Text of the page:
On the other hand, LLMs don’t rely on rigid blueprints and instead make use of a data-driven approach. They’re not able to be genuinely creative, but guided by patterns and connections from specific data sets, they can estimate a very good impression of creativity. This is why they’re able to generate human-quality text, translate languages creatively, and even have open-ended chats.

Building an NLP system often involves manually setting up rules and linguistic resources, which is a time-consuming and highly specialized process. LLMs, in contrast, rely on automated training on massive data sets, requiring significant computational power and expertise in deep learning techniques.

Application scope and use cases

As we’ve briefly discussed, it is rarely a case of deciding between NLP and LLMs. Often, they go hand in hand as part of a bigger, complete solution. But that doesn’t mean they don’t excel at certain tasks and use cases in different ways:


  • Information extraction: Sifting through data, NLP can isolate key facts and figures, powering market research, financial analysis, and scientific discovery.

  • Sentiment analysis: Gauging customer opinions in reviews or social media, NLP helps businesses understand brand perception and improve customer satisfaction.

  • Machine translation: Breaking down language barriers, NLP enables accurate translation for documents, websites, and real-time conversations.


  • Content creation: From product descriptions to blog posts, LLMs generate engaging content, freeing up human writers for more strategic tasks.

  • Chatbots and virtual assistants: LLMs power conversational AI, enabling natural interactions with customer service bots or virtual assistants.

  • Question answering: Equipped with vast knowledge, LLMs provide insightful answers to complex questions, revolutionizing education and research.

Limitations and challenges

Despite their advancements, both NLP and LLMs have hurdles to clear. NLP can struggle with context and ambiguity, leading to misinterpretations. And LLMs face challenges in understanding nuances, potentially generating inaccurate or even biased outputs. There are also huge ethical considerations with LLMs’ ability to mimic human interactions. This makes responsible development essential to avoid harmful content and remove as many biases as possible from their training data. 

Addressing these limitations requires continuous research, diverse data sets, and careful implementation to ensure both technologies reach their full potential while remaining responsible and ethical.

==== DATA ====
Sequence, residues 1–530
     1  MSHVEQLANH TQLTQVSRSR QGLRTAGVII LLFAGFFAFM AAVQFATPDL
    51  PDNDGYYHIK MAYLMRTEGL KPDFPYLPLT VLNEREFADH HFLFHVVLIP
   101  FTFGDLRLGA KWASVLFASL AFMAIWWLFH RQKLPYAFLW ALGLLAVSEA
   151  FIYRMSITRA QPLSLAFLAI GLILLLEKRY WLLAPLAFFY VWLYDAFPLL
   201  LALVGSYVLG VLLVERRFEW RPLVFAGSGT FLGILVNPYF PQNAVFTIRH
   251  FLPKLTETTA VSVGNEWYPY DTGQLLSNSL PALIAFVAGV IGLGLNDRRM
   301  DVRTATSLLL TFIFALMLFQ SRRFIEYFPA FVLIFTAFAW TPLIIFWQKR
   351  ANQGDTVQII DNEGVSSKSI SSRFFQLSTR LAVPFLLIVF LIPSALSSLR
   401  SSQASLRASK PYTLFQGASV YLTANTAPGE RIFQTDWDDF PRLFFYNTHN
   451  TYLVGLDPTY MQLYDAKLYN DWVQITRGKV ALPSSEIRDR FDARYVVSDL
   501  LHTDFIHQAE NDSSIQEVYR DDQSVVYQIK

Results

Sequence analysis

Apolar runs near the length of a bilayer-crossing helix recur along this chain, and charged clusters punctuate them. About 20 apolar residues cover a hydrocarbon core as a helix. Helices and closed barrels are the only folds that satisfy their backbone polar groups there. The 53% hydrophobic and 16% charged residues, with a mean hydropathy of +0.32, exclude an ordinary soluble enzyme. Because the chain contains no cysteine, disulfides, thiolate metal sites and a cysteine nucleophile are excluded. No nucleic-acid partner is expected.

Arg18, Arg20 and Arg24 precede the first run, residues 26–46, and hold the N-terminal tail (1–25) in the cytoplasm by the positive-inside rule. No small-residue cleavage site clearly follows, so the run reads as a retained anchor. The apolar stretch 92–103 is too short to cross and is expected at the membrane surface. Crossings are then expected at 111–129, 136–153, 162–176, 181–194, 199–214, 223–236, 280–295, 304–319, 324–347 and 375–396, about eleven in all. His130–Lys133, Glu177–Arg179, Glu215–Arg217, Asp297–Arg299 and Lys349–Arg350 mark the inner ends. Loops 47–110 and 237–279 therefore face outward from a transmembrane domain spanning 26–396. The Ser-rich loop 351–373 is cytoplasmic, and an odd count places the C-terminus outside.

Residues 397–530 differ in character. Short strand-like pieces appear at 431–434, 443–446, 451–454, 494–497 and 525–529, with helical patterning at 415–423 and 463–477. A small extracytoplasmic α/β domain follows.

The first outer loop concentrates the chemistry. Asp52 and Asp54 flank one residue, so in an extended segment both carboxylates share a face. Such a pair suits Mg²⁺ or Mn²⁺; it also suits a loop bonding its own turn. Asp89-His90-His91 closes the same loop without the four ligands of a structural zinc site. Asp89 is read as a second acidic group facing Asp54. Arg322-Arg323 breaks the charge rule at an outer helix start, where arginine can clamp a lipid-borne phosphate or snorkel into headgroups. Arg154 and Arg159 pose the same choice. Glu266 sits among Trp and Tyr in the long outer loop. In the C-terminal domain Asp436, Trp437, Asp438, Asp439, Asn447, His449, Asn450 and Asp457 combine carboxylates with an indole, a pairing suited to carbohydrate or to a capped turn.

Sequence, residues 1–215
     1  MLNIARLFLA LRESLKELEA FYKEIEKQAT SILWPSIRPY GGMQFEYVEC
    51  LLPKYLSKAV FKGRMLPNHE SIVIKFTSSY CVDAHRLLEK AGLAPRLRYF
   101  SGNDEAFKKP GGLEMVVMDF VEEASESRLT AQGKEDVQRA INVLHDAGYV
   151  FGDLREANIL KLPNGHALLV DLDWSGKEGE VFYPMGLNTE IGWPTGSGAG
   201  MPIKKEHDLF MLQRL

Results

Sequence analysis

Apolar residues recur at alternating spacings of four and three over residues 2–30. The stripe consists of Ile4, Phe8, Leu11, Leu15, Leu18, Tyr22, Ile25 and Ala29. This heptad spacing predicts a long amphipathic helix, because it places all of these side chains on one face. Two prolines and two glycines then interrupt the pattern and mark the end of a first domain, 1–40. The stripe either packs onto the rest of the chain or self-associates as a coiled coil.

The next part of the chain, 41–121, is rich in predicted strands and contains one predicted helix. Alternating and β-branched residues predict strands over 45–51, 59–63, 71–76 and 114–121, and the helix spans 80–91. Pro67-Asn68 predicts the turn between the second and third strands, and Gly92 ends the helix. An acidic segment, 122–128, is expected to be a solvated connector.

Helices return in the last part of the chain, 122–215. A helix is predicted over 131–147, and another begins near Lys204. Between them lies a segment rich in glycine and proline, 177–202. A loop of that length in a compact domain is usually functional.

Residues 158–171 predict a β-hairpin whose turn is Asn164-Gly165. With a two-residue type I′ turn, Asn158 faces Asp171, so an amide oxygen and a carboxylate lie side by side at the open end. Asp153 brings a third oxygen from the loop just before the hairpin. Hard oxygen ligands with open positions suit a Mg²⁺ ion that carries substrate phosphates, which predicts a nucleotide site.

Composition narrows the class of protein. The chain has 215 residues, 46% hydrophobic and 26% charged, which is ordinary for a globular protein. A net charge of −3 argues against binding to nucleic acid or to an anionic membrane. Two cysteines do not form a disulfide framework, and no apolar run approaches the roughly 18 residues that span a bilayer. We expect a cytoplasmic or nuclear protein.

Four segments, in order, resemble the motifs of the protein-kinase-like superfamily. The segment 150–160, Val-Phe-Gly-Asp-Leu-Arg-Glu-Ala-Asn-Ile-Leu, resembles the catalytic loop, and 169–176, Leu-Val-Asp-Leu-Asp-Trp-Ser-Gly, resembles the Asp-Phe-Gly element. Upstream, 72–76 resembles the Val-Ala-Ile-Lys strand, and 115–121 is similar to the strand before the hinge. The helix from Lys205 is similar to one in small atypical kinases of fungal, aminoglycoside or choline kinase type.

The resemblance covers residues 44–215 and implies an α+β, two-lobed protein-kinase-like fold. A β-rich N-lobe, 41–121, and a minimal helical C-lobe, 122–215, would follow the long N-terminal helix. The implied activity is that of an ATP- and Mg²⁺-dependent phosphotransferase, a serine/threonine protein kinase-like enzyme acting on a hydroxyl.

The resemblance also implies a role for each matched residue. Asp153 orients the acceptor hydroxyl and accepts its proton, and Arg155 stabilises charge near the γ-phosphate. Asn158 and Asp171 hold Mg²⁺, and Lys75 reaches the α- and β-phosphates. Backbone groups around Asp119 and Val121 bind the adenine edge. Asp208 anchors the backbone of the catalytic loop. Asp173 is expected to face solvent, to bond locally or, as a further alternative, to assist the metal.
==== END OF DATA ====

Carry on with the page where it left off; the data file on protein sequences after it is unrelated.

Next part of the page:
Elastic’s solutions in NLP and LLMs

While LLMs push boundaries in text generation and understanding, they have their limitations. Accuracy, context sensitivity, and ethical considerations remain crucial questions that aren’t always simple to answer. And this is exactly why we created the Elasticsearch Relevance Engine (ESRE). ESRE is a powerful tool that empowers developers and addresses these challenges, making it easier to create enhanced search experiences.

ESRE unlocks the potential of LLMs while addressing their limitations. Here's how:

  • Enhanced retrieval: ESRE brings you the precision of BM25 text matching and the semantic matching that vector search provides. This powerful combination leads to more relevant and accurate search results, even for complex queries (for example, product codes and descriptions in ecommerce search, or square footage and neighborhood descriptions in property search).

  • Contextual understanding: By integrating with external knowledge bases and NLP pipelines, ESRE empowers LLMs to grasp the context of a search query, leading to more precise and relevant outputs.

  • Mitigating bias: ESRE employs fairness techniques like data selection and model monitoring to reduce bias in LLMs outputs, promoting responsible AI development.

  • Retrieval augmented generation (RAG): Elasticsearch acts as an information bridge in RAG workflows by transferring critical context, such as proprietary data, to LLMs. This provides more relevant answers and fewer hallucinations by providing a more focused understanding of the query.

ESRE goes well beyond just addressing limitations in LLMs. We also provide a rich range of NLP capabilities, such as pre-trained NLP models. These models work out of the box and can help with entity recognition, sentiment analysis, and topic modeling, which combined with the support of LLMs means you can create hybrid search solutions that boast the strengths of both technologies.

Not a choice you need to make

Throughout this article, we've delved into the fascinating technologies of NLP and LLMs. Each of them has their unique strengths and plays their own part in the bigger AI picture. NLP is the rule-follower, great at structured tasks like information extraction and translation. And LLMs are the creatives that excel in content generation and conversations.

But despite the name of this article, it's not actually about choosing one over the other. The true magic lies in bringing them both together: creating an AI tool that uses the meticulous rules of NLP combined with the deep learning of LLMs. This combination unlocks the reality where machines not only comprehend our language but can also engage with it in nuanced and meaningful ways.

And this is precisely where Elastic steps in. With the Elasticsearch Relevance Engine (ESRE), you have the tools to bridge the gap between NLP and LLMs, empowering you to elevate your search accuracy, mitigate bias, deepen your search's contextual understanding, and so much more.

It's not about an "either/or" decision. It's about bringing together the power of NLP and LLMs using the flexibility and tools with Elastic, moving beyond limitations to create search experiences that truly understand and respond to the beautiful nuances of human language.

What you should do next